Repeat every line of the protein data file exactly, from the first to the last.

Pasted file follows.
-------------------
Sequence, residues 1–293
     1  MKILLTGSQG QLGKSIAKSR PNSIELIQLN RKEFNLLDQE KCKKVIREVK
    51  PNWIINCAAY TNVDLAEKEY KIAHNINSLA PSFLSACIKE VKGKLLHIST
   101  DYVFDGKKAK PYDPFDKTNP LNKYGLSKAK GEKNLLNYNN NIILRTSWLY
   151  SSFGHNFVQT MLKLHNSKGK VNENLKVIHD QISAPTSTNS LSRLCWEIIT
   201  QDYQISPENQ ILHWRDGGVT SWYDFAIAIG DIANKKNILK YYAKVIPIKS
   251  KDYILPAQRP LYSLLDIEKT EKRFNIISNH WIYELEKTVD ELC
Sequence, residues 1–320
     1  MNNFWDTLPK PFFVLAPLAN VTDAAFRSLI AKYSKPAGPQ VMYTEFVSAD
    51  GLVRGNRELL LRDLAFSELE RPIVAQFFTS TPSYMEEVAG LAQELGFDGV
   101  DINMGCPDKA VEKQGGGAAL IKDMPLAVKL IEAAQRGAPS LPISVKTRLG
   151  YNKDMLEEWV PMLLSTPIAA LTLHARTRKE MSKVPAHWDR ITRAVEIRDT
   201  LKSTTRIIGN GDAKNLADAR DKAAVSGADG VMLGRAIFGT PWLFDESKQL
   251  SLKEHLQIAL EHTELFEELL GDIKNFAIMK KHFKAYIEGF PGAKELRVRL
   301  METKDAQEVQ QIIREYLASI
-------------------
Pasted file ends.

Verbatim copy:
Sequence, residues 1–293
     1  MKILLTGSQG QLGKSIAKSR PNSIELIQLN RKEFNLLDQE KCKKVIREVK
    51  PNWIINCAAY TNVDLAEKEY KIAHNINSLA PSFLSACIKE VKGKLLHIST
   101  DYVFDGKKAK PYDPFDKTNP LNKYGLSKAK GEKNLLNYNN NIILRTSWLY
   151  SSFGHNFVQT MLKLHNSKGK VNENLKVIHD QISAPTSTNS LSRLCWEIIT
   201  QDYQISPENQ ILHWRDGGVT SWYDFAIAIG DIANKKNILK YYAKVIPIKS
   251  KDYILPAQRP LYSLLDIEKT EKRFNIISNH WIYELEKTVD ELC
Sequence, residues 1–320
     1  MNNFWDTLPK PFFVLAPLAN VTDAAFRSLI AKYSKPAGPQ VMYTEFVSAD
    51  GLVRGNRELL LRDLAFSELE RPIVAQFFTS TPSYMEEVAG LAQELGFDGV
   101  DINMGCPDKA VEKQGGGAAL IKDMPLAVKL IEAAQRGAPS LPISVKTRLG
   151  YNKDMLEEWV PMLLSTPIAA LTLHARTRKE MSKVPAHWDR ITRAVEIRDT
   201  LKSTTRIIGN GDAKNLADAR DKAAVSGADG VMLGRAIFGT PWLFDESKQL
   251  SLKEHLQIAL EHTELFEELL GDIKNFAIMK KHFKAYIEGF PGAKELRVRL
   301  METKDAQEVQ QIIREYLASI